Movie Reviews

'Gangster Squad' (2013) Movie Review

A paint-by-numbers attempt at a gangster film

Ryan Gosling, Josh Brolin, Michael Pena, Robert Patrick and Anthony Mackie in Gangster Squad
Ryan Gosling, Josh Brolin, Michael Pena, Robert Patrick and Anthony Mackie in Gangster Squad
Photo: Warner Bros.

It's too bad Gangster Squad is rated R, because the audience it most deserves won't be able to purchase a ticket. This is Dick Tracy-meets-The Untouchables filled with cartoon caricatures that create a tonal hodgepodge that left me wondering "Is this supposed to be funny?" Then again, funny or not, it certainly isn't any good.

'Gangster Squad'
Grade: D+

Gangster Squad"Gangster Squad" is a Warner Bros. release, directed by and is rated R for strong violence and language. The running time is .

The cast includes , , , , , , , , , , , , and .

For more information on this film including pictures, trailers and a detailed synopsis .

Set in 1949, and inspired by (but not nearly a true story) Paul Lieberman's seven-part, 2008 Los Angeles Times feature "Tales From the Gangster Squad", the film started coming together back in 2011 with an impressive list of names attached.

Sean Penn plays East Coast mob boss Mickey Coen whose about to find his organization under attack by Josh Brolin's all-rules-are-off band of cops. Brolin plays Sgt. John O'Mara and of the others that join him, Ryan Gosling's Jerry Wooters gets the most screen time while Michael Pena, Robert Patrick, Anthony Mackie and Giovanni Ribisi make up the supporting players.

This self-proclaimed "Gangster Squad" sets out to shut down Mickey and his illegal activities in Los Angeles at the behest of the marble-mouthed Chief Parker (Nick Nolte) and they plan on shooting up as much of the town as necessary to do it.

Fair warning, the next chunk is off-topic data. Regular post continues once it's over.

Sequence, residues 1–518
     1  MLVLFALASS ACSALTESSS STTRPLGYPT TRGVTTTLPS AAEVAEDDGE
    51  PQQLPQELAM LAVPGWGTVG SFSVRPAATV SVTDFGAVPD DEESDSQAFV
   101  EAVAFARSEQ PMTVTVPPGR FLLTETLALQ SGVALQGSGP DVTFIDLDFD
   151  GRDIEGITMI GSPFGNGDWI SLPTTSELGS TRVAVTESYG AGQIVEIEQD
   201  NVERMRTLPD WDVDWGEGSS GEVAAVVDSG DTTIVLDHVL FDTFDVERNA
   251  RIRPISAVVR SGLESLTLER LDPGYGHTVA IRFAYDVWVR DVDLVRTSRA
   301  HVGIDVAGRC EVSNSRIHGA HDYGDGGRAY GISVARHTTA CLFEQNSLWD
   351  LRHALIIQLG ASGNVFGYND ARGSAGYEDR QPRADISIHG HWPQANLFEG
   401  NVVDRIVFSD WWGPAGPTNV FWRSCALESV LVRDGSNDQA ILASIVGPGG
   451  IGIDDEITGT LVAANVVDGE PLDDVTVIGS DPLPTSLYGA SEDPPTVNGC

Looking at the cast it would seem we're off to a decent start. However, there comes a point where the cast doesn't matter once you take a closer look at the screenplay and the man calling the shots.

Director Ruben Fleischer's Zombieland was a straight-up farcical zombie comedy and he followed that up with the disastrous 30 Minutes or Less. Whether you like either of those films or not, I think it's safe to assume neither sets a flattering expectation for Gangster Squad. The story would seem best fit for the likes of Michael Mann (Heat), but Fleischer is so ill-fit for the material there's no reason to expect that kind of film, and the longer you watch you begin to wonder just what kind of film was expected?

Written by first time feature writer Will Beall, you would think the screenplay must have meshed with Fleischer's comedic sensibilities and maybe this could all work. Problem is, Fleischer's sensibilities aren't straight-laced enough for this kind of a project. There isn't a Danny McBride character that farts and says inappropriate things for no reason. There are only a few one-liners. The rest is a glossy, police soap opera with more gunfire than I've seen in a long time, making that well-publicized release date delay due to the Aurora, Colorado theater shooting seem like just a bunch of smoke and mirrors to cover up for a bad movie.